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  • 1.
    Andersson, Ida
    et al.
    Örebro University, School of Humanities, Education and Social Sciences.
    Cook, Ian R.
    Northumbria University, Newcastle upon Tyne, UK.
    Conferences, award ceremonies and the showcasing of ‘best practice’: A case study of the annual European Week of Regions and Cities in Brussels2019In: Environment and Planning. C, Government and Policy, ISSN 0263-774X, E-ISSN 1472-3425, Vol. 37, no 8, p. 1361-1379Article in journal (Refereed)
    Abstract [en]

    This paper makes the case that conferences and award ceremonies are important means through which best practices are presented as being successful, transferable and transformative. To do this, it draws on the expanding literature on policy mobilities and a case study of the European Week of Regions and Cities conference and one of the centrepieces at the conference, the RegioStars awards ceremony. Organised by public bodies within the European Union and European Commission, these events take place annually in Brussels, and focus on best practice in regional and urban policy. The paper elaborates on its main argument in three ways. The first is that award ceremonies and conferences shape and are shaped by institutional, spatial and scalar dynamics. The second being that learning and educating are central to the performance of conferences, award ceremonies and the associated mobilisation of policies. The third argument is that such events have important consequences for those hosting the events.

  • 2.
    Elander, Ingemar
    Örebro University, Department of Social and Political Sciences.
    Between centralism and localism: on the development of local self-government in postsocialist Europe1997In: Environment and Planning. C, Government and Policy, ISSN 0263-774X, E-ISSN 1472-3425, Vol. 15, no 2, p. 143-159Article in journal (Refereed)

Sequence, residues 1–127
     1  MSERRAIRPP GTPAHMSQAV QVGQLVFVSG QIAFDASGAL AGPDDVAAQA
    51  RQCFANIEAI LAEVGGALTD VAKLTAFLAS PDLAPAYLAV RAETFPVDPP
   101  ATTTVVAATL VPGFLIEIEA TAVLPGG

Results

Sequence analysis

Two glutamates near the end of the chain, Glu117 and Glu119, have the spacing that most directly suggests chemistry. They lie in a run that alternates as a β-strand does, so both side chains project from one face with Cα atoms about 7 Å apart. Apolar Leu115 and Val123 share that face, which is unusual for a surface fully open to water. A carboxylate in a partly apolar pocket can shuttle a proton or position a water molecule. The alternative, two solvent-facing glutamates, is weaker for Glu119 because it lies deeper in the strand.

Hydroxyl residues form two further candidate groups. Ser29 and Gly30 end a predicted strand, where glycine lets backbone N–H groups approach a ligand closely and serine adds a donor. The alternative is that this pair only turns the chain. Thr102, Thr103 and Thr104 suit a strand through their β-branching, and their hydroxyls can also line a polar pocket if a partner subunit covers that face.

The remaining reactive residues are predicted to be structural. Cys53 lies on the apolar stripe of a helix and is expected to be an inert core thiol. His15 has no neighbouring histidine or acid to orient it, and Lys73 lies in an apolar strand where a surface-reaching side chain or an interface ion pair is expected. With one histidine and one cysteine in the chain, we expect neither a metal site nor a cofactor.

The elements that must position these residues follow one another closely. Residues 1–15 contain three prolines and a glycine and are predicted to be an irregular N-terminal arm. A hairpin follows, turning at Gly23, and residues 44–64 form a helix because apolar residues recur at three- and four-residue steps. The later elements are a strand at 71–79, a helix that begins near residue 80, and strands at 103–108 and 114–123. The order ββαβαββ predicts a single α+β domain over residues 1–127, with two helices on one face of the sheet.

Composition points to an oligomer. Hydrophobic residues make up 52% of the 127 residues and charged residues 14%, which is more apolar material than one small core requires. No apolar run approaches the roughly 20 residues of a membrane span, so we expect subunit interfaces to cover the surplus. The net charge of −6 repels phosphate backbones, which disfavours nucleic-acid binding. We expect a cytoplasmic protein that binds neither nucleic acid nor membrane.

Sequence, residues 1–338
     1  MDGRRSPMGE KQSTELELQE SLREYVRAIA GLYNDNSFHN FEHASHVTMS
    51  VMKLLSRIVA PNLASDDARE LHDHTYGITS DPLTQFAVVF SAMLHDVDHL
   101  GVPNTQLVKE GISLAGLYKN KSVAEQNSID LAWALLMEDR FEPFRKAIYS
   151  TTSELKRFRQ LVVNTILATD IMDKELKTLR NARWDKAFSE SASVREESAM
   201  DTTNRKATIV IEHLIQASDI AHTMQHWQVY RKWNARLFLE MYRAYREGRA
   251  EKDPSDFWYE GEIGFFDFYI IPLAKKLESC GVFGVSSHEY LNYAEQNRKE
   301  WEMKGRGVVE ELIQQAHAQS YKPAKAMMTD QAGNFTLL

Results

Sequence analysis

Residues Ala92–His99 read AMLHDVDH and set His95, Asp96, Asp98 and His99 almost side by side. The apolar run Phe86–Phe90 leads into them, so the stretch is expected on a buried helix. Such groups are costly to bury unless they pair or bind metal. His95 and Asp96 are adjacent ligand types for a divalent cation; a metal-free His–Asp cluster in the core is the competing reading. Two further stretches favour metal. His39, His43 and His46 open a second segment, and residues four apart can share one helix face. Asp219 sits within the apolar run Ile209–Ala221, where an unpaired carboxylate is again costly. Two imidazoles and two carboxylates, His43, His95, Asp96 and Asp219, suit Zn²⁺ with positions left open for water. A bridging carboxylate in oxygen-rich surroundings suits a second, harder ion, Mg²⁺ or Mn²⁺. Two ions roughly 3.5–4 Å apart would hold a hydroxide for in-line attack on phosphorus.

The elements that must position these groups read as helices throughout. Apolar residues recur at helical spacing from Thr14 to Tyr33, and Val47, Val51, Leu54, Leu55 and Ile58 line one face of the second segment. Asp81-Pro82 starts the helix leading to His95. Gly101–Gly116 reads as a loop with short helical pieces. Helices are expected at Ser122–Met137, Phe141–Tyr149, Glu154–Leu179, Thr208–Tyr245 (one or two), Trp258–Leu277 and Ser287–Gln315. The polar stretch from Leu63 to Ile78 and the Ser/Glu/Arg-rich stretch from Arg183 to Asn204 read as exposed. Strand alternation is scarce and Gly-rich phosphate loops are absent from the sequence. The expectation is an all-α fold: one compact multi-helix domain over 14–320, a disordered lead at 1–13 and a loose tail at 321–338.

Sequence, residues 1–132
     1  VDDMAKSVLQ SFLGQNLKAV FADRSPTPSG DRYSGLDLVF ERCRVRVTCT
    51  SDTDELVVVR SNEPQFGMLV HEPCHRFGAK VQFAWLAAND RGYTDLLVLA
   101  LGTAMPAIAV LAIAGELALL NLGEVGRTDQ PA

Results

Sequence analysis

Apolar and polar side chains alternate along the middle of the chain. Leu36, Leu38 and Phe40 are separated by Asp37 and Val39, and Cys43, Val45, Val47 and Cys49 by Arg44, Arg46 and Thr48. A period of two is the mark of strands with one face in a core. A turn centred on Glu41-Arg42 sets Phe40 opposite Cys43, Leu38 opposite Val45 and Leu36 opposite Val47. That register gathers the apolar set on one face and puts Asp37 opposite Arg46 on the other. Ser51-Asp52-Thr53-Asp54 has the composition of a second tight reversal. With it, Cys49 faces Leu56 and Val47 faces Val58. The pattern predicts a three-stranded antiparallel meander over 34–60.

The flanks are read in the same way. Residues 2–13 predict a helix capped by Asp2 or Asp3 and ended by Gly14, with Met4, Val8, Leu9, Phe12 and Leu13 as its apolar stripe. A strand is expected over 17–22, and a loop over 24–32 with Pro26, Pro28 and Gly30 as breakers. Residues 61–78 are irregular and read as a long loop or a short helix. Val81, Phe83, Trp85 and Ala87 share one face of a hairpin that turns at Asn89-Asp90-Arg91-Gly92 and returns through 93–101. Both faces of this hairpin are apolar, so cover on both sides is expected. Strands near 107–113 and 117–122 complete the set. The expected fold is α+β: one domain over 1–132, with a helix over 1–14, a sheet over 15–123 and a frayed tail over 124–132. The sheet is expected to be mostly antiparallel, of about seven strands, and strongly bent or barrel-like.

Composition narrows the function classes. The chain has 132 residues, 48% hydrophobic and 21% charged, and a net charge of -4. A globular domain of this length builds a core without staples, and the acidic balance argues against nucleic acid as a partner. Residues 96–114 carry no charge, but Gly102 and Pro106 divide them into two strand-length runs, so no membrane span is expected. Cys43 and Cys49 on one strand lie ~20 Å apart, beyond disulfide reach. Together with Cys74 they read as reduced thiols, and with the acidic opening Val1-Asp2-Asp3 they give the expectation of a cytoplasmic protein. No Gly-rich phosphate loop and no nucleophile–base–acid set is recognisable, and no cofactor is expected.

Abstract [en]

    During real-socialism in Central and Eastern Europe the scope for local government discretion was marginal. Local government had a very low degree of legitimacy, and this is something that poses a big problem when it comes to developing local self-government under postsocialism. It seems as if most citizens are prepared to pin their hopes on new central leaders, while they are still very hesitant with regard to local self-governance. Various expressions of localism appeared during the first three to four years of postsocialist development. However, today it seems as if the tide has turned in favour of more centralist hopes and policies. This development is discussed in the light of some of the arguments commonly raised in favour of centralism and localism, respectively, highlighting the complex relationships between the two concepts and their current manifestations. In the concluding section some ideas are put forward concerning the issue how to bridge the gap between centralism and localism, and there is also a reminder that some of the current developments of local government in Eastern and Central Europe are similar to those in Western Europe. This makes a strong argument in favour of intensified transnational contacts between academics, practitioners, and ordinary citizens with an interest in developing local self-government.

  • 3. Gouldson, Andrew
    et al.
    Lidskog, Rolf
    Örebro University, Department of Social and Political Sciences.
    Wester-Herber, Misse
    The battle for hearts and minds?: Evolutions in corporate approaches to environmental risk communication2007In: Environment and Planning. C, Government and Policy, ISSN 0263-774X, E-ISSN 1472-3425, Vol. 25, no 1, p. 56-72Article in journal (Refereed)
    Abstract [en]